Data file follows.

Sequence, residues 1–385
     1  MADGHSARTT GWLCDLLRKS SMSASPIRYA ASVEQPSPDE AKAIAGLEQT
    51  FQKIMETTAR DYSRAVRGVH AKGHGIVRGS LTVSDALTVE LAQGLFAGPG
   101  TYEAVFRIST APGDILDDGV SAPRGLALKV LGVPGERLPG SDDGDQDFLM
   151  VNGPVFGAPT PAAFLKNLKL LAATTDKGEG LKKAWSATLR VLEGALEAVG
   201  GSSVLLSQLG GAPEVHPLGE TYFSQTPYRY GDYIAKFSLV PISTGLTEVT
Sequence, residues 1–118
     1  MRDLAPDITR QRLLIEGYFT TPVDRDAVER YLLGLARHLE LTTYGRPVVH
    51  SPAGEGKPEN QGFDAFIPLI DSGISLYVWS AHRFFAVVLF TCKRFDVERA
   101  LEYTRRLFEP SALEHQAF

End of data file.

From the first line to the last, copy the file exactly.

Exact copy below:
Sequence, residues 1–385
     1  MADGHSARTT GWLCDLLRKS SMSASPIRYA ASVEQPSPDE AKAIAGLEQT
    51  FQKIMETTAR DYSRAVRGVH AKGHGIVRGS LTVSDALTVE LAQGLFAGPG
   101  TYEAVFRIST APGDILDDGV SAPRGLALKV LGVPGERLPG SDDGDQDFLM
   151  VNGPVFGAPT PAAFLKNLKL LAATTDKGEG LKKAWSATLR VLEGALEAVG
   201  GSSVLLSQLG GAPEVHPLGE TYFSQTPYRY GDYIAKFSLV PISTGLTEVT
Sequence, residues 1–118
     1  MRDLAPDITR QRLLIEGYFT TPVDRDAVER YLLGLARHLE LTTYGRPVVH
    51  SPAGEGKPEN QGFDAFIPLI DSGISLYVWS AHRFFAVVLF TCKRFDVERA
   101  LEYTRRLFEP SALEHQAF